Spacing: While the standard spacing in APA is double spacing,  with more and more papers to be submitted electronically, tutors may ask for single spaced pages as this allows to see more text on the screen.         

 

Alignment: The APA standard is left flushed pages (i.e., the right margin is uneven), many tutors prefer to read justified pages (both the left and right margins are even)          

Notes:  Notes serve to provide additional information or may identify sources. In APA, footnotes are used rather than end notes. Footnotes supplement information in the text, and therefore should not contain irrelevant or nonessential information. They should only be used if they strengthen the discussion. Whenever possible, integrate the information in the text rather than add a footnote.

 

Submitting hard copies:  Check whether single- or double-sided printing is recommended. If possible, choose the environmentally more friendly double-sided option.

 

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Structure of a paper

 

Order of the Sections of a Paper:  Title Page, Abstract, Table of Contents, List of Tables, List of Figures, List of Abbreviations, Body, References, Appendices, Tables, Figures. Please note, however, that not all of these sections may be necessary in all papers.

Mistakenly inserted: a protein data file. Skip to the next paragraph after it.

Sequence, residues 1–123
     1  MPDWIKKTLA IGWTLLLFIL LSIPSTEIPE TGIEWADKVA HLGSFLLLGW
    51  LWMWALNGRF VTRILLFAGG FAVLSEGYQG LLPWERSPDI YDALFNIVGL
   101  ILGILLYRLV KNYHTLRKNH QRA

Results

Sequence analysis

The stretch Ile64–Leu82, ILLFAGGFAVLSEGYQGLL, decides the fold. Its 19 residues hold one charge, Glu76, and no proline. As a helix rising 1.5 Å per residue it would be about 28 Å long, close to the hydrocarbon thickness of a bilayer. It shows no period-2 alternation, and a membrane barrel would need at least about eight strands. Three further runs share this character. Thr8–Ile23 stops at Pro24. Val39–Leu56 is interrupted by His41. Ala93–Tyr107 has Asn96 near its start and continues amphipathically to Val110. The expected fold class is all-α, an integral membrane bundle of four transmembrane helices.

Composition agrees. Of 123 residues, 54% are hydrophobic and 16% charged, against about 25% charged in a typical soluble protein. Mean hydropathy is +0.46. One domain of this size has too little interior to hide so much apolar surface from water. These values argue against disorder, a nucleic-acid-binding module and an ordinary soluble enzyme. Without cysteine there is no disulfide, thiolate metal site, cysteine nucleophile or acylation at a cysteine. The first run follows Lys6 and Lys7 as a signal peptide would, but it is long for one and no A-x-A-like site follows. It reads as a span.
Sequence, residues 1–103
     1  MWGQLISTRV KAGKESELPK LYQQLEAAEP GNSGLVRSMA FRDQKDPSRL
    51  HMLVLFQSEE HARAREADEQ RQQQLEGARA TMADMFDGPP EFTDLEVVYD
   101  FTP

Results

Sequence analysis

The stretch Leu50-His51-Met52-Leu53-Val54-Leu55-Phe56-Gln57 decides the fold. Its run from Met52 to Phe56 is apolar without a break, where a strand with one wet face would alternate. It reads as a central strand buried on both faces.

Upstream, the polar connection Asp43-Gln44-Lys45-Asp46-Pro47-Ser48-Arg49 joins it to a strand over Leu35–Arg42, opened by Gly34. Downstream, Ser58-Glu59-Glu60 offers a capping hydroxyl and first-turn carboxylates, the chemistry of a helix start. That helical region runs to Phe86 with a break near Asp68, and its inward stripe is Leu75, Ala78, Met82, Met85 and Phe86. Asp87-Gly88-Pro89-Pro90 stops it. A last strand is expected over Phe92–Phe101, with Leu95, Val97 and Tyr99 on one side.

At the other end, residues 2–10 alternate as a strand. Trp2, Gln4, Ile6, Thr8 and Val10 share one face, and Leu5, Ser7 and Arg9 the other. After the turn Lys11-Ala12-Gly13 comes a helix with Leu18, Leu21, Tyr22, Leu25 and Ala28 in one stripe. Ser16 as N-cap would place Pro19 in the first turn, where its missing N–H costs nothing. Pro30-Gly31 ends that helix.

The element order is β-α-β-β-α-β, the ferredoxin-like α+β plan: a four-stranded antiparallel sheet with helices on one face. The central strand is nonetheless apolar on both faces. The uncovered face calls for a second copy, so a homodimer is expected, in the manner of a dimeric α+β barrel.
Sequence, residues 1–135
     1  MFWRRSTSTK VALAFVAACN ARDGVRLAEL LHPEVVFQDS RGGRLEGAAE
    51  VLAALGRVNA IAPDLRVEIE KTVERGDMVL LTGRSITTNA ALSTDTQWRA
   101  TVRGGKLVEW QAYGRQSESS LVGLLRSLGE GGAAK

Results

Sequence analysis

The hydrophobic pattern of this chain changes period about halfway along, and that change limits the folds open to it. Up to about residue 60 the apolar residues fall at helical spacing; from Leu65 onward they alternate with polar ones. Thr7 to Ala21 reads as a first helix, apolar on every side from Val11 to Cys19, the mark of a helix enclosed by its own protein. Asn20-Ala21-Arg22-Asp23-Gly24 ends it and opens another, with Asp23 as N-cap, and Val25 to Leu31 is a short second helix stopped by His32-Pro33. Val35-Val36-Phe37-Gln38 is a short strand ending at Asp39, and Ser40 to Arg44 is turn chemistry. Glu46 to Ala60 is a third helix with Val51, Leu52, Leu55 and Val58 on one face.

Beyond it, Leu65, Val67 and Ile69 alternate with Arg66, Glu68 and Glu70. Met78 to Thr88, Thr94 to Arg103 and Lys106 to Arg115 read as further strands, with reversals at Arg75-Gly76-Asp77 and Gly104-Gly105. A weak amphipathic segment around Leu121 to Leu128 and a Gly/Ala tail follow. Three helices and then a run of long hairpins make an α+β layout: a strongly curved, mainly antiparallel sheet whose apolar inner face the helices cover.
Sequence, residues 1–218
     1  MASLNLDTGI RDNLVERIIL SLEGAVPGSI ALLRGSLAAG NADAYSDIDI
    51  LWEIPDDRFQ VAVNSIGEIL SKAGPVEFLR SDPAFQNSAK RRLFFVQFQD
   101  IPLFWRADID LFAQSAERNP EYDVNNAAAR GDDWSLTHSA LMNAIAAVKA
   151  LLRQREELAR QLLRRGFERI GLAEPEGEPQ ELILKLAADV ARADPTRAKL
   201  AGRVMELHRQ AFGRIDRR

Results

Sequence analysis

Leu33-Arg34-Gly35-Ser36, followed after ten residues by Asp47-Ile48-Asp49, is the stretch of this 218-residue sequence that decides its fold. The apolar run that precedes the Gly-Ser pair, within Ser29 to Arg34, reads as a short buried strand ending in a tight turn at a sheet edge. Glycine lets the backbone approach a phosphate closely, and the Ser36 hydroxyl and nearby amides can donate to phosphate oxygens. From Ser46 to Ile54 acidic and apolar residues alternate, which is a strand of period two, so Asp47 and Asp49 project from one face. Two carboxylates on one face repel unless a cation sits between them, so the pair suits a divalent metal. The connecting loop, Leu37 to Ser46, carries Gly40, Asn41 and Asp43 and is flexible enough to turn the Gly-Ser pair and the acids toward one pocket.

Title Page

Pagination: The Title Page is not numbered.         

Key Elements: Paper title, author, course code and title, tutor’s name

              

Abstract: 

The abstract is a one-paragraph, self-contained summary of the most important elements of the paper. N.B. This is not a preview but a summary.The abstract normally does not exceed 120 words. All numbers in the abstract (except those beginning a sentence) should be typed as digits rather than words. 

        

Table of contents / Overview of sections:  The table of contents is a mandatory element in a thesis or dissertation. An overview of sections is optional in a long seminar paper.

 

List of tables: This is a list of the tables - relevant in theses or dissertations.

 

List of figures: This is a list of the figures - relevant in theses or dissertations.

 

List of acronyms: If you use a large number of acronyms in your paper, it is a good idea to list them together with their meaning.

 

Body: 

Pagination: The body of the paper begins on a new page as do all main chapters or main sections. Subsections of the body of the paper do not begin on new pages.